Friday, December 21, 2007

Trouble in the Family?

Trouble in the Family?
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Some feel the New Prime Minister of the UK does not share Tony Blair’s love for the US. There maybe trouble brewing.

In the December issue of the American Legion Magazine, there is an article by Alan W. Dowd. Mr. Dowd is a senior fellow with Sagamore Institute for Policy research and a contributing editor to The American Legion Magazine.

The title of Mr. Dowd’s article is: “Britain after Blair”. You’ll find the entire article inline at:

www.legion.org/?section=publications&subsection=pubs_mag_index&content=pub_mag_blair_1207

We recommend this piece very highly. It may well assist you to understand some of the wrangling which may be in the offing between the Mother Country and the Colonies.

Blair is gone. Gordon Brown is the new Prime Minister. The long and the short of it is… they are VERY different.

Some of those differences:

Brown has jettisoned the Bush-Blair terminology and calls terrorism “a crime,” pointedly not using the phrase “war on terror.”

Brown has labeled Afghanistan “the front line against terrorism,” highlighting a distinct difference with Bush, who calls Iraq “the central front in the war on terror.”

Brown stoically talks about “duties to discharge and responsibilities to keep” in Iraq. Gone is Blair’s rhetoric about con-fronting tyrannies and terrorists.

Yet some of Brown’s critics are not so diplomatic about the new prime minister – or sanguine about his grasp of the “struggle” he inherited. They note that during Brown’s tenure as chancellor, defense spending as a percentage of GDP fell to its lowest level since 1930. Liam Fox, the shadow defense secretary, blames a rash of friendly-fire deaths in Af-ghanistan on cuts in defense spending. “As chancellor, Gordon Brown never gave defense much priority,” Fox argues, adding that the British military is now reaping the consequences. (From: “Britain after Blair by Alan W. Dowd.)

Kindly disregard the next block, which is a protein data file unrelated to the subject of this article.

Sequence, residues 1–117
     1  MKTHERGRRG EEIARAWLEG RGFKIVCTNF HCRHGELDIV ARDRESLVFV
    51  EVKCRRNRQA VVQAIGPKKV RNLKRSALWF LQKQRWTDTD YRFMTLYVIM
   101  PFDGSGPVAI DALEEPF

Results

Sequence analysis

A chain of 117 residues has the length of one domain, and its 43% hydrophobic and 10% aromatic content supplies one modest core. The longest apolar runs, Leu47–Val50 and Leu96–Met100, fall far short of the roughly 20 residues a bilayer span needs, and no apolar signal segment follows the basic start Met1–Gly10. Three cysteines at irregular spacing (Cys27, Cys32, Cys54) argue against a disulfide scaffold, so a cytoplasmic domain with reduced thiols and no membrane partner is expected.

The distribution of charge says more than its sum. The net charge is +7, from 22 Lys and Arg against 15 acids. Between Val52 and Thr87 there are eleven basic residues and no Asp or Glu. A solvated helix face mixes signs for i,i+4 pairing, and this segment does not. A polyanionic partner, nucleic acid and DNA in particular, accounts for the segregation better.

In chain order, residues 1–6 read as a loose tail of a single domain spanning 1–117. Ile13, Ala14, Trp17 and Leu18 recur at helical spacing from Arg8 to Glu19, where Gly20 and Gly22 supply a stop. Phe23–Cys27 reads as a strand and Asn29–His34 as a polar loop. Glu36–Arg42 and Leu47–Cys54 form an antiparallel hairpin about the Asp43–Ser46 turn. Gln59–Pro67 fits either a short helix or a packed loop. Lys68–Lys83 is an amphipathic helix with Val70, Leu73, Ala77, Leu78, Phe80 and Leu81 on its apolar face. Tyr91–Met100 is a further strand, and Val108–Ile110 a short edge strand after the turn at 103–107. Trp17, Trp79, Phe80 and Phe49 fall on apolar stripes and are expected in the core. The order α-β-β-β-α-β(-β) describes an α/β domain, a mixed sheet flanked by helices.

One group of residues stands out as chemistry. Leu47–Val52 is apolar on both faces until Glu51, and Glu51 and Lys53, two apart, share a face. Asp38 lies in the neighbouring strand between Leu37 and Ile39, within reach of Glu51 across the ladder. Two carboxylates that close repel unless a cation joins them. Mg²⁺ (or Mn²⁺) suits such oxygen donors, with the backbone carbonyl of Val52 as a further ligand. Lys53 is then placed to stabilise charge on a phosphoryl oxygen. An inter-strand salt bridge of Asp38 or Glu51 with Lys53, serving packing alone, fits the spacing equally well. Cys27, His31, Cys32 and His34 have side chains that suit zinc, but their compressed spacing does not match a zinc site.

Brown has already ordered the UK Forces in Iraq to withdraw from bases in Basra. Many now think this signals a complete pullout of British troops from Iraq. Some country’s soldier must replace the Brits in, and around, Basra. Most likely it will require the US to re-deploy some 3500 Marines or soldiers to take the place of the UK’s troops in that very troubled part of Iraq.

There is definitely a new day dawning in the US/UK relationship. The US can no longer expect unconditional support from the Mother country. At least… not under Brown. Nobody expects Brown to “stick his neck out” for the US. Tony Blair did… but not Brown. Gone are the days of Winston Churchill, and Margaret Thatcher. Long gone! Now we have: Mr. Brown.

Longstreet


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3 comments:

Wha Wadna Fecht for Charlie said...

Could you have found a more appealing photograph of our glorious leader – he resembles a monkey.

Mr Brown - A humourless, dour, anally retentive control freak. The mastermind behind stealth taxation where income tax stays steady but every other tax (i.e. VAT, road tax, council tax, green tax, fuel duty, alcohol duty, inheritance tax, capital gains tax, parking fines, speeding fines, the future bin collection charge, fines for not recycling etc.) slips slowly upward. And not one person voted for him – roll on the next election!

“Gordon Brown never gave defense much priority,” Fox argues, adding that the British military is now reaping the consequences.” In the Sand Box I bought my own GPS receiver, my boots came from Blackwater (as my standard issue pair melted) and we had to share body armour. In ‘stan I ‘borrowed’ some body armour from your Army (I am eternally grateful and one day may return it).

You will not hear words like ‘war on terror’ being spoke anywhere in Europe.

Longstreet said...

Ouch! Melting boots can be very uncomfortable! Glad Blackwater could help! Ditto the body armor (courtesy of the US Army?)

You would have thought that Europe would have learned from the 1st and 2nd world wars that ignoring an enemy will not result in that enemy going away.

If the Dems in this country have their way, the US military will suffer the same fate as your troops.

Question: How long will Brown serve in that position? I'm not nearly familiar enough with the way your poltical system works.

Wha Wadna Fecht for Charlie said...

Parliaments usually sit for four years, with an election being called at the start of the fifth year. If the current Parliament follows this pattern, the next general election will occur in 2009.As the local and European elections are on 11 June 2009 the general election will probably take place on the same day. The latest it could be left until is 3 June 2010 - or they could dissolve parliament tomorrow and call an election. (the joy of no written constitution!)